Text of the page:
Eventually, Joyce's mother revealed she was suffering from schizophrenia. Joyce herself had repeatedly expressed surprise at people's concerns, and in a livestream described it as a "publicity stunt started by my viewers, not me." So the online mob that formed to dish out some collective "compassion" turned on her. The quote was passed around Twitter and the internet with the "by my viewers" part cut out. People who had spent days reading about Joyce and trying to "figure out" what happened were now angry, not with themselves for wasting time and bothering a stranger they might like to watch on YouTube based on their interpretations of her life, but with Joyce.
A Twitter search of the #SaveMarinaJoyce hashtag will find some sympathetic comments, and a lot of folks with no connection to Joyce except possibly subscribing to her YouTube channel or following her on Twitter (both of which they are always free to stop doing) expressing anger that Joyce wasn't clearer about not having been kidnapped or held hostage. How much clearer could she be?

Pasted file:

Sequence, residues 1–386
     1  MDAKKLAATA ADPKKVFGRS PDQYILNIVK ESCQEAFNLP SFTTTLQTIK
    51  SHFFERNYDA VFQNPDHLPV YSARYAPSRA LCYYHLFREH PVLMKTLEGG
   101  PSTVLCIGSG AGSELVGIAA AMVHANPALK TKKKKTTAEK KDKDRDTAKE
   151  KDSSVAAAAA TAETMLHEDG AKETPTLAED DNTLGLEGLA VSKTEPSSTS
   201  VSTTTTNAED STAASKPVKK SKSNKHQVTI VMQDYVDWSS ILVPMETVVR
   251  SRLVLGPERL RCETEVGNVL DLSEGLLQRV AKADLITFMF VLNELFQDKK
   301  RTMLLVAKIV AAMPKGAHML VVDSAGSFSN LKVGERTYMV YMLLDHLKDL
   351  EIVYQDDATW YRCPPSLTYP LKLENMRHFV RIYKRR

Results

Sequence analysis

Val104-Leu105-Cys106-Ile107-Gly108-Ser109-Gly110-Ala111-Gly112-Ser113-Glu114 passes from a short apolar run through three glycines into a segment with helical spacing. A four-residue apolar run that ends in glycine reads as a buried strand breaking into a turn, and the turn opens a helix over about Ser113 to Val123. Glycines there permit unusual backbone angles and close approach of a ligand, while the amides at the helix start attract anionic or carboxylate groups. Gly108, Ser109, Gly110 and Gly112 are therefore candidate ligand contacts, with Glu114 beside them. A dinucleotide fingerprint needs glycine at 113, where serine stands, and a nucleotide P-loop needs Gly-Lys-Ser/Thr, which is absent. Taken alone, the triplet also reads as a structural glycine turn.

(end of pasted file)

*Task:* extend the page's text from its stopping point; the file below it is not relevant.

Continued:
The story of #SaveMarinaJoyce, which started less than a week ago, is illustrative of the same emotional inputs involved in bad policies pushed in the name of helping someone or something, from the drug war to the effort to "rescue" sex workers to "humanitarian" interventions like the one in Libya. They begin under the guise of compassion, and when it turns out a lot of people aren't necessarily interested in the kind of "compassion" that comes with coercion, the boot comes down. The widely reviled 1994 crime bill, which contributed to rising incarceration rates, is still defended under the premise lawmakers had to do something to "help" with crime. Hillary Clinton eventually started to blame an "obstructionist" Libyan government for the aftermath of the U.S.-backed intervention. The changing mob reaction captured in #SaveMarinaJoyce is as good an example of any why "I'm from the government and I'm here to help" can be such a dangerous phrase. Government is just a word for the meddling we want to do together.
Fri, 22 Jul 2016 13:30:00 -0400